Home, 11.30am. Tomorrow, my sister flies in from London to celebrate my birthday with me, accompanied by her new girlfriend whom I’ll be meeting for the first time.
So far, family opinion on Girlfriend remains absolutely undivided, coming as it does from my mother, who’s the only family member to have met her yet: Girlfriend is delightful. Girlfriend is completely wholesome.
There’s nothing unwholesome about Girlfriend at all. Girlfriend is immediately likeable.
Right now, I am talking to my mother on the phone who has called to wish me happy birthday for tomorrow.
My daughter is sitting beside me on the sofa.
“Ask granny about aunty’s girlfriend,” she says.
I put my mother on loudspeaker.
“Well it’s enough in itself,” my mother says, “that Girlfriend has put an end to all that ghastly online dating your poor sister had to do.
“I mean I’ve said it before but I’ll say it again, it’s just like being in a dogs’ home, waiting for re-homing.
"I mean imagine being a dog and having to wait around for a new owner to like the look of you. Imagine doing that for two solid years.”
“That analogy,” I say, “is so wide of the mark. For a start, she owns her own home.”
“Well,” she says, “can you think of a better one?”
“It’s more,” I say, “that my sister has been like Goldilocks. You know —’this porridge is too cold, that porridge is too hot…’”
“Well whatever about pedantics,” my mother says, “Girlfriend is just right. She ticks all the boxes.”
“Ask her what boxes?” my daughter whispers.
“What boxes?” I ask.
“Well she’s clean for a start,” my mother says, “immaculate in fact.”
“I’m picking them up from the airport in the Nissan,” I say, “there’s half a bike in the boot. And recycling. It stinks.”
“God love poor Girlfriend,” my mother sighs.
“And she’s solvent,” she continues, “you’d hope so at her age but that always helps. I mean your sister’s solvent.”
“I need to know more,” I say, “so far, you’ve given me clean and solvent.”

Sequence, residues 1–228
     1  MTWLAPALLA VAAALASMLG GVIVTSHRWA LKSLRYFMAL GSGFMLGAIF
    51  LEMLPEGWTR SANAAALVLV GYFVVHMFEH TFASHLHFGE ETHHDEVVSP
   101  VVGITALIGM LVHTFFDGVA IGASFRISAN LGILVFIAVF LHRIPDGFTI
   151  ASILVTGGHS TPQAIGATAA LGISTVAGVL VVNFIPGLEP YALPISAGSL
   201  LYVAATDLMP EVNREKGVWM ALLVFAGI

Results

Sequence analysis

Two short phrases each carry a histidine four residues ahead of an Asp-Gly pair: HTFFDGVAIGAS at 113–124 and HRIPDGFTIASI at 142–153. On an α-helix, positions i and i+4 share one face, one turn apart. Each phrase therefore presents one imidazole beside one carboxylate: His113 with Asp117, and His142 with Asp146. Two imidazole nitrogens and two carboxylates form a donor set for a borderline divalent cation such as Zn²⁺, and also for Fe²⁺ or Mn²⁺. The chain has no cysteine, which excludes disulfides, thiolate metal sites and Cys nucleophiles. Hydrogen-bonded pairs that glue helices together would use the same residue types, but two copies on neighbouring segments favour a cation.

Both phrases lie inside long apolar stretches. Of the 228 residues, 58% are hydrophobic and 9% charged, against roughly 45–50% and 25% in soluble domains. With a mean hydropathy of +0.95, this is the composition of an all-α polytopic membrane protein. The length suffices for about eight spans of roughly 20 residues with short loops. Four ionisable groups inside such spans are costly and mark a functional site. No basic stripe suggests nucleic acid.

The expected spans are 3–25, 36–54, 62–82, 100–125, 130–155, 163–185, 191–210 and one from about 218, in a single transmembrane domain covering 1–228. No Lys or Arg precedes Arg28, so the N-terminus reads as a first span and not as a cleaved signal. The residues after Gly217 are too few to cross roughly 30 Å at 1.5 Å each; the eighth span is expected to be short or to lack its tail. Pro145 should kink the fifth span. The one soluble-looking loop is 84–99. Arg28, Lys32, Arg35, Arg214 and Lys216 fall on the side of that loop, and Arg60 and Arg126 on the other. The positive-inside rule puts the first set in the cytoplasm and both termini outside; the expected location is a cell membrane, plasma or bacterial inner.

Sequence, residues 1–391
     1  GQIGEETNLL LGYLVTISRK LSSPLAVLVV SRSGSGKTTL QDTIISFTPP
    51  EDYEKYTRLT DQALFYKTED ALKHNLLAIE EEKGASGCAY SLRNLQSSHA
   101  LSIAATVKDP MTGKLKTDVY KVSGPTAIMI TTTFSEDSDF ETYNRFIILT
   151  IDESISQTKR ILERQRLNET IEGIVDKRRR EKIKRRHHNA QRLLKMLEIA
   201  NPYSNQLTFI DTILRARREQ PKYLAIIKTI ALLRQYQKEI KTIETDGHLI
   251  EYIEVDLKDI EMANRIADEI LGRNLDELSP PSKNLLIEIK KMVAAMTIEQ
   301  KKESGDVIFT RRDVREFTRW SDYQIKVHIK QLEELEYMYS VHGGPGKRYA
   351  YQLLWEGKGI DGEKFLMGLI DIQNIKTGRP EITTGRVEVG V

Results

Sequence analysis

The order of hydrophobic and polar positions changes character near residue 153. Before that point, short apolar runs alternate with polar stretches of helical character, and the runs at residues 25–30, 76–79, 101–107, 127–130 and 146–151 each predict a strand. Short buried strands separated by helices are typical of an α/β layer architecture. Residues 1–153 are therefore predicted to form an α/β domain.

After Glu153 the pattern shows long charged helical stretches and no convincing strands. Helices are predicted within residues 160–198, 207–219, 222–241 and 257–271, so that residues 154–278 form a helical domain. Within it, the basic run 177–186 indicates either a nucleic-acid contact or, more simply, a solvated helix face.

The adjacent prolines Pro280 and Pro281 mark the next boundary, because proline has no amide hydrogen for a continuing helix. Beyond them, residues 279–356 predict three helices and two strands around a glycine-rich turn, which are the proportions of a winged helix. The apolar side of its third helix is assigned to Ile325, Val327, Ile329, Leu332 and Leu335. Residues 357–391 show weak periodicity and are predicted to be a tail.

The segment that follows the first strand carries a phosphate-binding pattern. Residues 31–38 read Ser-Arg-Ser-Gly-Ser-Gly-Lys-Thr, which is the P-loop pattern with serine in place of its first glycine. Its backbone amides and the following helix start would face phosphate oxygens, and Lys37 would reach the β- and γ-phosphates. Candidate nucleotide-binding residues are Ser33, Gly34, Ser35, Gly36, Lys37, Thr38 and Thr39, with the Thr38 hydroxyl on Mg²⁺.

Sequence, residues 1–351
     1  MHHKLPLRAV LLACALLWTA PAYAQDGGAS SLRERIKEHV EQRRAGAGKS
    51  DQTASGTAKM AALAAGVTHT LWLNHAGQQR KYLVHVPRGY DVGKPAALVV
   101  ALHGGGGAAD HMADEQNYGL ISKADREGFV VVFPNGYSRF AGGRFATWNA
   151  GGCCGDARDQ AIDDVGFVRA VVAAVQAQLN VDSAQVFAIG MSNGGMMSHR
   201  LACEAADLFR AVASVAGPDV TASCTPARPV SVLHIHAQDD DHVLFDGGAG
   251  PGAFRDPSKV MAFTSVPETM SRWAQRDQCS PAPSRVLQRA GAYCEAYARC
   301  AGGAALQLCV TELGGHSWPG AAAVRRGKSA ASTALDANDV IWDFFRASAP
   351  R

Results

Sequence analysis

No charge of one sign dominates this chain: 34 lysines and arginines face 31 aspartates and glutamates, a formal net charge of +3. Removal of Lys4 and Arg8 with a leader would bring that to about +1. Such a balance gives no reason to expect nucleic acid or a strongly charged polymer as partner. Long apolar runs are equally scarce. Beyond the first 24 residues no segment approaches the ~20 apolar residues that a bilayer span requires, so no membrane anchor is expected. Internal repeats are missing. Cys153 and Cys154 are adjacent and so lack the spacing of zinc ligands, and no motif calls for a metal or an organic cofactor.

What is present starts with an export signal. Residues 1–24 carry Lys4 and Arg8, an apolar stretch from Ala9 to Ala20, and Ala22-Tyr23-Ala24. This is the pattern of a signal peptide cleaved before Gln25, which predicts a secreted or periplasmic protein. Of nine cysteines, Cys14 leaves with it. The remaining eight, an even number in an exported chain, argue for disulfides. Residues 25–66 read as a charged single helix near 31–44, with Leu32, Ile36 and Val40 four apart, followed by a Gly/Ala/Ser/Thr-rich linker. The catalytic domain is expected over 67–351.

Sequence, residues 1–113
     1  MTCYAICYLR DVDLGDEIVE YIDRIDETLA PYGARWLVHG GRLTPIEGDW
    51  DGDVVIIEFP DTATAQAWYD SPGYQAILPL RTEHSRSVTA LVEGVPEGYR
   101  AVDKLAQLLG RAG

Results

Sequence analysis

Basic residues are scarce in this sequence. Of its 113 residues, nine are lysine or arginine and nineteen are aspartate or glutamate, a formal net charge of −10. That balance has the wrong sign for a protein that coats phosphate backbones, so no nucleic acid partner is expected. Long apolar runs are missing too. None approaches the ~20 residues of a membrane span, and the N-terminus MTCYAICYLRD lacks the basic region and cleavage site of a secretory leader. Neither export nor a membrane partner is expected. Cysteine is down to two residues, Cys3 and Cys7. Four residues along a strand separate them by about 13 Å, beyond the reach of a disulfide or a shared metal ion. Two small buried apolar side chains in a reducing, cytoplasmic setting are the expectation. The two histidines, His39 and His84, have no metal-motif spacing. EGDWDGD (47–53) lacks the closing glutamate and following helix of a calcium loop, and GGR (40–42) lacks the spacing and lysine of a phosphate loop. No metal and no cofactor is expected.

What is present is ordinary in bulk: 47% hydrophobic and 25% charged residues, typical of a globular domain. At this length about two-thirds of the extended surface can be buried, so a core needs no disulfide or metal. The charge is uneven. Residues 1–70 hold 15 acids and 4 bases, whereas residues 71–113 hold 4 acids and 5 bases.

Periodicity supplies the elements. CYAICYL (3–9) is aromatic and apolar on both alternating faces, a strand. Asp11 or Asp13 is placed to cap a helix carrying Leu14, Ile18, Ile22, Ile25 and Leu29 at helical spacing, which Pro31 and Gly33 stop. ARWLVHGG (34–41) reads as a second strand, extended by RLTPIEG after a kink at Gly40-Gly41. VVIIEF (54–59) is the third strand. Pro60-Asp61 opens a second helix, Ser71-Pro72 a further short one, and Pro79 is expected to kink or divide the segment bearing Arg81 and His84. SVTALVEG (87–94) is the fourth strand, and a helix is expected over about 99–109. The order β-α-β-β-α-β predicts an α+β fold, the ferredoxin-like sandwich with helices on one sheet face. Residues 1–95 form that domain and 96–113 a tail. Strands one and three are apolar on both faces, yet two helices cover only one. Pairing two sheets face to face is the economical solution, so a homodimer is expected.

“She’s very high-powered,” my mother says and describes Girlfriend’s career using the words, “fast-tracked”, “head-hunted”, “ministry”, and “meteoric rise”.
I imagine, with sinking heart, all this in the back of my Nissan. With recycling.
She expands further on Girlfriend’s career, applying the terms “clever,” and “exceptionally capable,” and last but not least, “the youngest woman in England ever to have...”
“Oh God, ever to have what?” my daughter whispers, looking uneasy.
“Ever to have what?” I interrupt, imagining with a heart that has now sunk, the Youngest Person in England Ever to Have, sitting next to half a bike.
“Ever to have done lots of things,” my mother says, from what your sister told me, “and you know she’s not one to exaggerate.”
“I mean Girlfriend is so modest and sweet,” my mother continues, “she’d never tell you about it herself. But by god she’s tough.”
“I don’t like the sound of tough,” my daughter mouths.
“Tell me something different,” I say, “I want to like her.”
“You’ll absolutely love her,” she says, “you can’t not.”
“Nevertheless, I need you to tell me something different,” I say.
“Well you can tell straight away that she’s genuinely kind,” my mother says.
“Most people are kind,” I say, “tell me something that will properly endear her to us.”
“She was a prison governor at 20 or some ridiculous age like that,” she says, “imagine.”
I look at my daughter.
She is 20, in her pyjamas and trying to find a decent link online so that today, she might binge-watch Girls.
“I can’t,” I say.
“Get dressed,” I tell my daughter.
“What did you say?” my mother says.
I tell my mother that I’m talking to my youngest.
“Put her on,” my mother says.
I hand my daughter the phone and leave the sitting room: I need to attend to half a bike.
I return. My daughter hands me back the phone, looking like someone’s just pinched her. Hard and out of the blue.
“Granny’s just said we have to ask Girlfriend about an incident with a prisoner with a knife up her vagina,” she says.
“Hi Mum,” I say, “it’s me again.”
“Girlfriend got the prisoner to squat and the knife shot out,” my mother says, “pointy end first. It went straight into the lino.”
“I said something to endear her to us.”
"A knife up her nellie,” my mother says, “imagine.”
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